final decision that British citizens Babar Ahmad and Syed Talha Ahsan were to be extradited to the United States.
Babar Ahmad responded
by indicating that his case had "exposed the fallacy of the UK's
extradition arrangement with the US, and I can now leave with my head
held high having won the moral victory."
Not only did he expose a system that is arbitrary and unfair but he
also exposed a society that, on the whole, does not care about
protecting and fighting for the basic rights of British citizens. For
that, we should all be completely ashamed of ourselves.
From those who represent us in government to mainstream media outlets
right down to the Muslim community, we have all played a part in
allowing this grave injustice to occur under our names.
It is no secret how deeply flawed and problematic the extradition
arrangements between the US and UK are. Under such a system, every one
of us is vulnerable to being picked up and flown out without having been
found guilty of a crime. Such a process, however, has been allowed to
continue with impunity for one simple reason - we, the British public,
allow it to go unchecked.
The number of Muslim organisations, mosques and activist groups have
been minimal at voicing their concern against the human rights abuses
carried out under the Extradition Act.
Only a handful of mosques and Muslim groups across the country felt it
necessary to address and campaign for Babar Ahmad and Talha Ahsan. Those
organisations who did not campaign claimed that the issue was
controversial and irrelevant to the welfare of Muslim communities.
However, the reality is that it wasn't controversial at all and it was
very relevant for the Muslim community to be aware of such men and in
particular, the Extradition Act 2003.
The men facing extradition were not asking to be freed from custody.
All they were asking for was a trial in Britain - a right that is, in
theory, given to every British citizen. For due-process and basic rights
to be ignored and violated in such a manner is extremely worrying and
should be a concern for every individual living in Britain.
Grouping Abu Hamza
with Babar Ahmad and Talha Ahsan was a method used to cover up the
blatant injustice being exercised against these two men. What is even
more disturbing, however, is that the majority of mainstream media
outlets followed suit by headlining the events leading up to Friday as
Abu Hamza and four other terror suspects. Only a limited number of media
outlets even bothered to report on Babar Ahmad, whilst Talha Ahsan's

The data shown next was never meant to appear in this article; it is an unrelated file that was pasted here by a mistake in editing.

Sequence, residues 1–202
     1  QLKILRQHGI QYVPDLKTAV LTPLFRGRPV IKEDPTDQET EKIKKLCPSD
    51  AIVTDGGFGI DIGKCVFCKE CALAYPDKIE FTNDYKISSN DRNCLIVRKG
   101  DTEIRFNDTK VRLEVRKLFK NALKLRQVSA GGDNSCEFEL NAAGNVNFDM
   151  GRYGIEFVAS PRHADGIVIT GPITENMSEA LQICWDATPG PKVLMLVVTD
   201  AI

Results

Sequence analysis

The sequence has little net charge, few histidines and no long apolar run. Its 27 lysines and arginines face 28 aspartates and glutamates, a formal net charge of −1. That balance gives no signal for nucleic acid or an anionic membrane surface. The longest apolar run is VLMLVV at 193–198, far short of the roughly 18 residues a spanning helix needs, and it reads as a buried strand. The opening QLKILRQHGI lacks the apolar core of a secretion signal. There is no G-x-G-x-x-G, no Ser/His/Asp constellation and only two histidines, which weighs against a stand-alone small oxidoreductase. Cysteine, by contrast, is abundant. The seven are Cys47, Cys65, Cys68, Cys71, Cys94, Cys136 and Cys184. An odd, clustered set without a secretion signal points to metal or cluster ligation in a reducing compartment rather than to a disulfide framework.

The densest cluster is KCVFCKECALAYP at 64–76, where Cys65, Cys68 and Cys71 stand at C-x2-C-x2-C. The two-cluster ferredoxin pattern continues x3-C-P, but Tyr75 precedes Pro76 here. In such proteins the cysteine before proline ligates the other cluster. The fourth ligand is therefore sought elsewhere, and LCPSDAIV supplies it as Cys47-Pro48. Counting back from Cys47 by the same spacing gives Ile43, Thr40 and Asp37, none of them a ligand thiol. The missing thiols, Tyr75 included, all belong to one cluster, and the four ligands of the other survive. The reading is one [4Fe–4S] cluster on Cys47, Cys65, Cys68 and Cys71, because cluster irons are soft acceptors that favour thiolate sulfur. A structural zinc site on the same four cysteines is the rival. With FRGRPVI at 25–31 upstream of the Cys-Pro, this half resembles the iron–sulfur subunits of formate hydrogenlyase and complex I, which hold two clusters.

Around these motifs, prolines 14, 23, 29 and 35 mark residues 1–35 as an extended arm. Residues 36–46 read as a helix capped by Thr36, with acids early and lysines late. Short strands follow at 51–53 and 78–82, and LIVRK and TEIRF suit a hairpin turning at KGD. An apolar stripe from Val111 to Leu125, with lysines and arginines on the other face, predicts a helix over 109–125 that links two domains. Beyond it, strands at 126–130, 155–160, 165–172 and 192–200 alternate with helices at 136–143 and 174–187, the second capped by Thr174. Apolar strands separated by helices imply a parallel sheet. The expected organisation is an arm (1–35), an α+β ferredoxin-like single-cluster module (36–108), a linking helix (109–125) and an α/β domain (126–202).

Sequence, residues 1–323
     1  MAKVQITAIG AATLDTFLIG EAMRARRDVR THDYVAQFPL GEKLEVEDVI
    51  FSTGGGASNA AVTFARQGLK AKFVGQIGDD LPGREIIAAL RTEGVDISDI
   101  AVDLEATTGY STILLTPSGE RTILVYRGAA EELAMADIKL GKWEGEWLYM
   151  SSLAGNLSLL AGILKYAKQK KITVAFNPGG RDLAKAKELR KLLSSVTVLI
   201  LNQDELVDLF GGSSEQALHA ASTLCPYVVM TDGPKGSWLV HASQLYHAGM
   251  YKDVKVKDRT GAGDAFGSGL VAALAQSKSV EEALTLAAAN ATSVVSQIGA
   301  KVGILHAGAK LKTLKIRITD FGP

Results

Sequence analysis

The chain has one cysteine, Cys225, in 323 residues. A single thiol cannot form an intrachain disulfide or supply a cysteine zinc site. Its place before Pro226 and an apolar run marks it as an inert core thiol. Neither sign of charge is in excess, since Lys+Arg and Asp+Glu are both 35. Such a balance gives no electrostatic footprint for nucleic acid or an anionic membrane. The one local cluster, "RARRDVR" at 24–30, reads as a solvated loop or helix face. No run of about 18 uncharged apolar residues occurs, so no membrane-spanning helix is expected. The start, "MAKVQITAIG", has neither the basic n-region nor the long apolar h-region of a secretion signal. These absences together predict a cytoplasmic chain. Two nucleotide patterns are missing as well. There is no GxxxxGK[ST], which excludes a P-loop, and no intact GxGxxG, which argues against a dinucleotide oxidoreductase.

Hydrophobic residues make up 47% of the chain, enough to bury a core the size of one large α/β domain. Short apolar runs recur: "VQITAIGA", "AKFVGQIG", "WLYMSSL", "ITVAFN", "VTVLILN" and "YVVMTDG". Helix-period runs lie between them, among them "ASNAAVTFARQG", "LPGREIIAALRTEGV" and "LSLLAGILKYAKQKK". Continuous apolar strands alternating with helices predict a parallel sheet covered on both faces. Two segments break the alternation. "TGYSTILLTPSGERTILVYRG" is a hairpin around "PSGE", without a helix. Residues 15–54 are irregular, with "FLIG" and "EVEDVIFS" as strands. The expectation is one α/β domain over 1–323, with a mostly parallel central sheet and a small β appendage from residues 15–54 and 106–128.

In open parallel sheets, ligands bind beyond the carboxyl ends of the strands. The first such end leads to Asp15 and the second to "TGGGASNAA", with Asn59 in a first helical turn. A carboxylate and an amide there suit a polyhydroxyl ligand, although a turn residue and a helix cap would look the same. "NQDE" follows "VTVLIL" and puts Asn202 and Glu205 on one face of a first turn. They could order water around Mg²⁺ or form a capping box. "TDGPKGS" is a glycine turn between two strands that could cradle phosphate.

voice has been virtually silent apart from a few opinion pieces and blog
Let us also not forget those politicians who have failed to raise
their voices against such gross violation of basic rights. In August
2011, an e-petition
calling on parliament to debate the Babar Ahmad case attracted close to
150,000 signatures, making it eligible for a full debate. Those 150,000
signatures were, however, completely ignored by our elected leaders
when parliament refused to debate the case.
Following on from the e-petition, an Early Day Motion (EDM-128)
was signed and supported by 62 MPs. Only 62 MPs believe it is their
responsibility to challenge a system where British citizens can be taken
away and shipped to the US without ever having been found guilty of a
crime under British law.
Immediately after the ruling, the home secretary ordered
the movement of both men to the US without their families having a
chance to say their final goodbyes. The emotional ordeal these families
have gone through after years of campaigning tirelessly for their sons
to be released has been distressing, to say the least, which the
docu-drama entitled Extradition clearly portrays.
Like many of us, I could have done more to help Babar and Talha. I
could have been out on the streets campaigning, protesting and educating
people, not to mention, chasing my MP to raise this issue in
parliament. If public pressure had been stronger, the outcome and
debate, I believe, would have unfolded differently. When the time comes
to place an 'X' on our ballot paper, Babar Ahmad's face and the failure
of the coalition government to stand up for British citizens should
consecutively run through our minds.
All I can do now is tell Babar Ahmad and Talha Ahsan how sorry I am.
Sorry Britain and the community you was once part of, paid taxes and
integrated into failed you. Failed to stand up for the principles of
democracy and human rights on which we stand for and preach to the rest
I now urge anyone who believes in human rights, democracy and the
rule law to take a stand on this issue. Let's write to our MPs,
newspapers and local politicians to demand a review of the unjust and
controversial law. Don't wait until it is you who is fighting extradition.
Watch the Extradition Video here:
Featured in the HuffingtonPost UK and MPACUK
Copyright Reyhana Patel. Contact the author to obtain permission for republication.
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